WASHINGTON -- On the day he would have turned 84 years old, Harvey Milk, the San Francisco supervisor and gay activist gunned down at City Hall in 1978, is having a postal stamp in his honor unveiled at the White House.
The "forever" first-class stamp is based on a black-and-white photograph of Milk in front of his Castro Street Camera store in San Francisco in 1977. Milk is believed to be the first openly gay politician to be honored with a U.S. postage stamp.
Thursday's White House ceremony is being led by Samantha Power, the U.S. permanent representative to the United Nations. House Minority Leader Nancy Pelosi, D-San Francisco, also plans to attend the event, which happens at 3 p.m. EDT.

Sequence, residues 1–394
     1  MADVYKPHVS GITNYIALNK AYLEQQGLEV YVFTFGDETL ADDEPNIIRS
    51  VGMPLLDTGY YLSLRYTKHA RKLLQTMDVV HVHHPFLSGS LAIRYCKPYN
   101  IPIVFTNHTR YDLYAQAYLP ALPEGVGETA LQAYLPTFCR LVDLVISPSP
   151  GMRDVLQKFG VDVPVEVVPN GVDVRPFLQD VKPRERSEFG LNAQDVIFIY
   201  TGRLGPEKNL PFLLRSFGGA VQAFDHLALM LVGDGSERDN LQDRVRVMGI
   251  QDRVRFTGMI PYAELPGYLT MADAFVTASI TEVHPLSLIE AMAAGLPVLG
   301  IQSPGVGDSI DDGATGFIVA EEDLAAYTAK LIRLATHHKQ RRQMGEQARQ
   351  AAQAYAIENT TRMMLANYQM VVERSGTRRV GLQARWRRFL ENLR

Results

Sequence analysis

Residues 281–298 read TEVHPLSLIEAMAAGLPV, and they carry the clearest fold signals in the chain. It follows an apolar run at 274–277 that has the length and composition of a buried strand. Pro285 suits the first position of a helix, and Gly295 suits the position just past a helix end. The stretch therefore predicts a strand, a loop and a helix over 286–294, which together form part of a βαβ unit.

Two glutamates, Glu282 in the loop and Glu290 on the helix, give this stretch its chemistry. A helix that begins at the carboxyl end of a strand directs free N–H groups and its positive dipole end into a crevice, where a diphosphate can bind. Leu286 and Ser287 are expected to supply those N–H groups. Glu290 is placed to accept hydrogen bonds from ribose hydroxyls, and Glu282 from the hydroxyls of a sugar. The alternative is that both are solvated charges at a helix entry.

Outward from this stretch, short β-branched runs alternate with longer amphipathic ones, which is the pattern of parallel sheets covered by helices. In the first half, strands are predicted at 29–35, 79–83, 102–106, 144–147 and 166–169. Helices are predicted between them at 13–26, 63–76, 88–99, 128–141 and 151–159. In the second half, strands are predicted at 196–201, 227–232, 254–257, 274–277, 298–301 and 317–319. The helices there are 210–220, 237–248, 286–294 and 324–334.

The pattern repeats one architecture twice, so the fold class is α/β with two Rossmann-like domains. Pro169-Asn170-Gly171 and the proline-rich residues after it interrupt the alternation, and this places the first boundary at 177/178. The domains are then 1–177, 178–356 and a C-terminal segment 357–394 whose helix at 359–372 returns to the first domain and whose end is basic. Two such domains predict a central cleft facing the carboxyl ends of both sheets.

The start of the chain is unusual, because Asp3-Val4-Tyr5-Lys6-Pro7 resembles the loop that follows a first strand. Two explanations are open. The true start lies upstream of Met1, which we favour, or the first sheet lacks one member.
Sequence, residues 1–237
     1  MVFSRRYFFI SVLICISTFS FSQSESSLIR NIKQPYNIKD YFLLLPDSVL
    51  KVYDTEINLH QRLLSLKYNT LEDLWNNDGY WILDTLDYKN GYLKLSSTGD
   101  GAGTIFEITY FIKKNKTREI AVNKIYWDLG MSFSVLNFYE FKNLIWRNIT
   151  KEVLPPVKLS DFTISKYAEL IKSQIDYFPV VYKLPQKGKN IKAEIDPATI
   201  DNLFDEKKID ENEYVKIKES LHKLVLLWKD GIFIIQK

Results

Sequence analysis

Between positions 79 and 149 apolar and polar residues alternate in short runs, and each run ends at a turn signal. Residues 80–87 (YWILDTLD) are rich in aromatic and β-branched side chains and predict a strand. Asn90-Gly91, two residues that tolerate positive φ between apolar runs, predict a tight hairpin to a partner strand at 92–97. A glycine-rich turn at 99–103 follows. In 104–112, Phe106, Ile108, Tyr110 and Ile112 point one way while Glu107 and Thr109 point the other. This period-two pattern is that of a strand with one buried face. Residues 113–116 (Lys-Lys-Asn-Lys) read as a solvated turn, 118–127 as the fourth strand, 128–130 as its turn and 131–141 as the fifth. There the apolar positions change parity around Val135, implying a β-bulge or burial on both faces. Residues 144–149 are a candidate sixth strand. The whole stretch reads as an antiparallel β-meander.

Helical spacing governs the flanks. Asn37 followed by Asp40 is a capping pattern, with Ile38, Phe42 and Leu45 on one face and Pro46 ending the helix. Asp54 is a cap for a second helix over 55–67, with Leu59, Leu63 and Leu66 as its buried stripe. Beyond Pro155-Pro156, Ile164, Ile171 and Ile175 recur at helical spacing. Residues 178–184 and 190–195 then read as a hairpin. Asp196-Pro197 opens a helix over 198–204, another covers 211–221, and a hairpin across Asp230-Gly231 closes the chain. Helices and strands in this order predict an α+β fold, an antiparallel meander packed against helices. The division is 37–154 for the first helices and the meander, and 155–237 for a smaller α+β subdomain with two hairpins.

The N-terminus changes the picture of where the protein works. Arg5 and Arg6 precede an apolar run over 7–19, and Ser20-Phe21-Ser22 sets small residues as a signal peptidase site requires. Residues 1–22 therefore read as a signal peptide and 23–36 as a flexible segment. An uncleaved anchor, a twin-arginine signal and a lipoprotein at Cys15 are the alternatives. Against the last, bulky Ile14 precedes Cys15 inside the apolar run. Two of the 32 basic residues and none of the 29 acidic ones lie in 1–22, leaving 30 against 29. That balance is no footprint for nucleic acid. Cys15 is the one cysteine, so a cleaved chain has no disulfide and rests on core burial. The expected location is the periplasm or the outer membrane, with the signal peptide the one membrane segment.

President Obama is traveling and will not be there, but he posthumously awarded the Medal of Freedom to Milk in 2009, one of his first acts upon taking office.
Also attending will be Sen. Tammy Baldwin, D-Wis., the first openly lesbian U.S. senator, Rep. John Lewis, D-Ga, a leader in the civil rights movement, Deputy Postmaster General Ronald Stroman and Stuart Milk, the slain supervisor's nephew and founder and president of the Harvey Milk Foundation.
Milk was among the first openly gay elected officials in the United States when he won a seat on the Board of Supervisors in 1977. He was gunned down along with Mayor George Moscone by former Supervisor Dan White on Nov. 27, 1978.
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